I imagined God descending heavily armed with cutlasses, axes and broken bottles to stab the child at every part of his body. But it was useless to think of. God wouldn’t do that, wouldn’t have done that.

Why do humans thank God for every fortunes and blame him for every misfortunes? Was the thought I had.

I shook my head for their loss and grieve. I wished I had words of consolation for both woman, wished I could say, don’t blame God but accept fate or,-embrace them and make them feel my calm breath that gives hope and assurance of a better tomorrow. But these I knew, would not stop their tears or the pain that pierced their hearts.

Although I caught a view of someone covered with a bedspread on the stretcher as I looked through the window. It seemed to be the corpse the women were grieving for. Perhaps I was wrong, I thought to myself as I increased my pace towards the Ward.

I had gone to clear my grandpa’s file at the kitchen, pharmacy and pathology. He had been examined fit to be discharged by Dr. Shomoye, one of the senior doctors. A cavalier; very dark rotund looking man-with his cheeks always hanging down bull-dog like, whenever he said ‘do not disturb me’ even when his patients were at the jaws of death and needed his attention urgently.

It was 6 weeks and a day ago my grandpa was rushed down to the hospital because he couldn’t urinate through his Catheter well. There seems to have been a blockage caused by bacteria. Though you all would think, that shouldn’t have made him stay that long at the hospital but the blockage caused many things in his body. He couldn’t breathe well as he was an asthmatic patient, couldn’t sleep and he was at a time diagnosed to have prostrate infections, which led to his use of Catheter and urine bag.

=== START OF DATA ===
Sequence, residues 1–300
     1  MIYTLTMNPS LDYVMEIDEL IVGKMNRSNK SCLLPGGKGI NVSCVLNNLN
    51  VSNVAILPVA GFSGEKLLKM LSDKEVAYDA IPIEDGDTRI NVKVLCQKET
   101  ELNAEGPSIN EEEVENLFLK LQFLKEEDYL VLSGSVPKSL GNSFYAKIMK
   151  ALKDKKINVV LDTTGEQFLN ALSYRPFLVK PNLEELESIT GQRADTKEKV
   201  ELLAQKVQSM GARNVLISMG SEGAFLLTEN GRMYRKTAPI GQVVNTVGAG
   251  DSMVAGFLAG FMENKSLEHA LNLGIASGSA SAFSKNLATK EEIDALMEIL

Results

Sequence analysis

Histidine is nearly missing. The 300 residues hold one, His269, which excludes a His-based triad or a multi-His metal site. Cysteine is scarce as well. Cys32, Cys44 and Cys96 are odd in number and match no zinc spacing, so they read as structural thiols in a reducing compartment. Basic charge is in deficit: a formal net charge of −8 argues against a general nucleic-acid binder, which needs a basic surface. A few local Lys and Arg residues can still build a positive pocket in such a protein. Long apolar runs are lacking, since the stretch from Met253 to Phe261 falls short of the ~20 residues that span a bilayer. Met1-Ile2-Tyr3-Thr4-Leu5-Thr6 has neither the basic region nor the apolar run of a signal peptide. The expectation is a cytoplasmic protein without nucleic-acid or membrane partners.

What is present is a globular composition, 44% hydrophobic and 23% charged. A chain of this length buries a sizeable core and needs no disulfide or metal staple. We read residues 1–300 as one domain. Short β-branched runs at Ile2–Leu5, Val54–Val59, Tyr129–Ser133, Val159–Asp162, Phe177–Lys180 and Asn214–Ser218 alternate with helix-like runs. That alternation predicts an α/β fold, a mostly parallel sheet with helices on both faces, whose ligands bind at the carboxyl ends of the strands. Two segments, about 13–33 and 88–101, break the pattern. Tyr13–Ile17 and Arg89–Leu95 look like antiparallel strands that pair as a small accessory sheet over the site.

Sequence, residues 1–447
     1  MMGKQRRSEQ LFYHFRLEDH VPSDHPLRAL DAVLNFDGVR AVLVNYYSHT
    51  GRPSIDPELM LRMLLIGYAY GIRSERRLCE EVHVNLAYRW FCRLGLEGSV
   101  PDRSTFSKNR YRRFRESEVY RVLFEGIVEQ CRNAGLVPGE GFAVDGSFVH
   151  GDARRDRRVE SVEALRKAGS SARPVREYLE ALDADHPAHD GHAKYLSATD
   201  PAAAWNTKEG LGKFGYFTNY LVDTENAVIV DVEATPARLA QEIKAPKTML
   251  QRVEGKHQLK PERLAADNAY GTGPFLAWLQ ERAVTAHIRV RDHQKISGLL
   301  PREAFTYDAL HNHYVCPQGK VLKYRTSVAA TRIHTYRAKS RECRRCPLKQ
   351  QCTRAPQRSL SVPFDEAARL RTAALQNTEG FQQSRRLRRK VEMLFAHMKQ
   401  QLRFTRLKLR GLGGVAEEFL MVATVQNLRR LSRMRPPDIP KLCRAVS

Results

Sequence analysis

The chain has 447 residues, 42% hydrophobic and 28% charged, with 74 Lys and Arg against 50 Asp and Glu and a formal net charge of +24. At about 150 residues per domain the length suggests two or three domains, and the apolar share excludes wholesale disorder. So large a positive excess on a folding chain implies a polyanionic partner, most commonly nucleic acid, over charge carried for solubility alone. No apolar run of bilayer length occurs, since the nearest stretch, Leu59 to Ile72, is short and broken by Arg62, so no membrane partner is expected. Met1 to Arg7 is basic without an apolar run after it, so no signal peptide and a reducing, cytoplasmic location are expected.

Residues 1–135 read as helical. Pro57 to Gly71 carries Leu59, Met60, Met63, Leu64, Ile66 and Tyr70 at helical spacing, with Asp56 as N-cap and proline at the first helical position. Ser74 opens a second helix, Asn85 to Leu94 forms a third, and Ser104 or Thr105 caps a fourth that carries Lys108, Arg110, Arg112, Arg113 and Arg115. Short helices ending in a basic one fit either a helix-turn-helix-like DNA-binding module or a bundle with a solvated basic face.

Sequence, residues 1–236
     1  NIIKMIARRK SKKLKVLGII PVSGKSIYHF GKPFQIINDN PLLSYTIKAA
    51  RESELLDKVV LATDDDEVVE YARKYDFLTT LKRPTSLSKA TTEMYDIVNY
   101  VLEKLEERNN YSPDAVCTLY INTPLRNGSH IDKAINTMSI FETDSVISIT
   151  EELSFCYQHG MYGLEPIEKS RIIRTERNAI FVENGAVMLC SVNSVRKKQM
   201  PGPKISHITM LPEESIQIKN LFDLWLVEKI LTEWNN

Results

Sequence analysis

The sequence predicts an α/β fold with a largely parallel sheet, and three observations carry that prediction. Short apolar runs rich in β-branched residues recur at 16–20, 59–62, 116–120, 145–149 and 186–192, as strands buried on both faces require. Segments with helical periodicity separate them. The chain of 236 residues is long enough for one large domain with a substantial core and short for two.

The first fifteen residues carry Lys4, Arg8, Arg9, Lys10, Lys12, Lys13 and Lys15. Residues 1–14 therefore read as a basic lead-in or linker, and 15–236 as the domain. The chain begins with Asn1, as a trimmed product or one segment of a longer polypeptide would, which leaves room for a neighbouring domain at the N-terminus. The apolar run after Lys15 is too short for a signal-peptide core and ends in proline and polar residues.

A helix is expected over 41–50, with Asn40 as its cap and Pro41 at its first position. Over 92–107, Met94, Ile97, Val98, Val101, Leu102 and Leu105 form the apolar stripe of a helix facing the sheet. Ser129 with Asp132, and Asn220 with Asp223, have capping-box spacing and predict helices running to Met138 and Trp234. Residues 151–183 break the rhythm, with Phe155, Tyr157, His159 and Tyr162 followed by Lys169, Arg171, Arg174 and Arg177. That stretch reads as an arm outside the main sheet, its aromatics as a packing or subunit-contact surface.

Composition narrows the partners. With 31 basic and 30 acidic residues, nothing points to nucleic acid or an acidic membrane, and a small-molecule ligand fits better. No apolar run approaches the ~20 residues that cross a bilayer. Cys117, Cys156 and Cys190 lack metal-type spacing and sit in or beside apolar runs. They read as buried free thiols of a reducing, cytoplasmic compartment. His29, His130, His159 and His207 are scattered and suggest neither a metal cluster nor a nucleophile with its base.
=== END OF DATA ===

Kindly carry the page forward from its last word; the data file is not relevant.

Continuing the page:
It took 5minutes to get to the Ward E1. A male Medical ward where patients on observation and medications were accommodated. It was quite different from the Surgical ward that bedded patients’ with injuries and large smelly wounds. I remembered when papa was admitted to the ward. He told the matron who wrote the the admission pack receipt that he was an asthmatic patient and wouldn’t like to be in that smelly Surgical ward as if, those who are admitted there aren’t humans.

I walked into the ward and told Matron Titi I had done the necessary things and was ready to call the driver immediately she gave the go-ahead. Matron Titi who appeared to be in her middle fifties, grey hair already laying foundation on her head asked

“Are you the only one who will take him home?”

I stood transfixed. I didn’t have a reply for her. I wanted to try and make her see reasons why I was the only one around; the only person who had been doing the running around but my mouth and courage failed me.

My tongue glued to my upper palate as though it would be rebuked for trying to make an attempt at speech.

I didn’t look into her eyes but her white uniform, with shoulder board like every military uniform with rank. I knew she was staring at me but I was afraid I would shed tears mere looking into her eyes. I was trying to contemplate what all the coloured stuff like rank meant when she said

“you can call the driver. At least he should be able to assist you with attendant Aliu to wheel papa to the car.”